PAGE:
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Authorities must ensure justice for victims of Kalinganagar shootings six years ago

Authorities must ensure justice for victims of Kalinganagar shootings six years ago

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Amnesty International Public Statement

[AI Index: ASA 20/001/2012

1 January 2012 (embargoed for release at 0001 GMT on 1 January 2012)]

Authorities in Orissa should no longer delay justice for the victims and survivors of the Kalinganagar police shootings six years ago when 12 adivasis (Indigenous people) were killed and 37 others injured, Amnesty International said today. Police opened fire when adivasis were protesting against the forcible acquisition of their lands and habitats and the insufficient compensation they received.

The shootings evoked widespread condemnation and prompted India’s federal authorities to reconsider the current framework for land acquisition. They were the first in a series of attacks on adivasis and other marginalized communities protesting against forcible land acquisition for corporate-led industrial and extractive sector projects in India during the last six years.

On 2 January 2006, 12 adivasis – including three women and a 12-year-old boy – were killed and 37 others injured, as hundreds of adivasis protested against the construction of a six million tonne Tata Steel plant at Kalinganagar in northern Orissa. One policeman was also killed when the protests turned violent. The adivasis, from the Munda community who live in Orissa and the neighbouring state of Jharkhand, wanted to renegotiate the acquisition of lands and habitats.

The Orissa authorities have extended several times the term of the judicial inquiry into the police shootings. The inquiry, successively led by three different judges of the Orissa high court, remains inconclusive. The state authorities have also failed to act against police involved in shootings of adivasi protestors in March, April and May 2010, which killed Laxman Jamuda, a 50-year-old adivasi leader, and injured 40 other protestors at the same time as they were facing attacks from private militias trying to forcibly evict them to facilitate construction of a common road corridor.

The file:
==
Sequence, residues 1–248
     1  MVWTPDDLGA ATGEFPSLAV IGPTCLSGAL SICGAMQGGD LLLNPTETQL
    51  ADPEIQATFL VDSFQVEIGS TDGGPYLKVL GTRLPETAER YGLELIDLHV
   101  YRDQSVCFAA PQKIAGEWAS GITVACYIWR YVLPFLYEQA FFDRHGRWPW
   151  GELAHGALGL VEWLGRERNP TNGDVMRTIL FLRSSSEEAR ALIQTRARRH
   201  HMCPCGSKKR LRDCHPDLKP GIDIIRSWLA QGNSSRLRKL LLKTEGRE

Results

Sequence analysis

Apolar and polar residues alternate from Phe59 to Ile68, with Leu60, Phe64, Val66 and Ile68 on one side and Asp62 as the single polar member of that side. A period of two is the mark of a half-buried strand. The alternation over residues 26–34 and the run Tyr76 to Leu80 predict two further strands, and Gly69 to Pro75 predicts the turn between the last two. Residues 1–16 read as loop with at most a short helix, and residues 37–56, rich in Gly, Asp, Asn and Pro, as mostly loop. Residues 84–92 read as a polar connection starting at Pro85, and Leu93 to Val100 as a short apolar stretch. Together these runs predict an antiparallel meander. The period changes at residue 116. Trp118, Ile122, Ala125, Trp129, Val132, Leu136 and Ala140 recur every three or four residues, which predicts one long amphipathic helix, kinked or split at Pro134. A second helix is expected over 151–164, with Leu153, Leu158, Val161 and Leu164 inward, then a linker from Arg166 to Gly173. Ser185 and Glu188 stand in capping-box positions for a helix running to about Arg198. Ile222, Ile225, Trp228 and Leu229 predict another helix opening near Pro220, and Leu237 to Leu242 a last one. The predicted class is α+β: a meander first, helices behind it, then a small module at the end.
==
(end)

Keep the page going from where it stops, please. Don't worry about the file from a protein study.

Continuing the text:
Recently leaders of the Bisthapan Birodhi Jan Manch, the anti-displacement group which had organized the protests, told Amnesty International that the protesting adivasis were still awaiting full redress for the Kalinganagar attack. They have lost their lands and habitats in the 5,000 hectare industrial complex at Kalinganagar which now has 17 projects in the extractive sector.

The Orissa authorities have an obligation to ensure justice for the victims and survivors by prosecuting those officials, police personnel and others suspected of being responsible for human rights violations, in proceedings which meet international standards of fairness.

Amnesty International urges the Orissa authorities to seriously address the ongoing negative impact of the forcible acquisition of lands and habitats in Kalinganagar on the affected adivasi communities in full consultation with them. In particular, any person whose human rights have been violated should have access to justice and to an effective remedy and reparations.

Amnesty International also urges authorities in India to include, in the new legislation, provisions for an open and transparent process to seek the free, prior, informed consent (FPIC) of adivasi communities on all future plans whenever they propose to acquire their lands and habitats for development projects.


At least 50 persons – mostly adivasis and farmers – have been killed and more than 100 others injured in several police shootings and other incidents while protesting against forcible acquisition of their lands and habitats for corporate-led industrial projects in India during the last six years. In a majority of cases, the authorities have yet to prosecute those responsible for the violations. Moreover, new legislation, aimed at reforming the existing legal framework for land acquisition for corporate-led industrial projects, is still awaiting enactment in India’s Parliament.

[Courtesy: Amnesty International, January 1, 2012]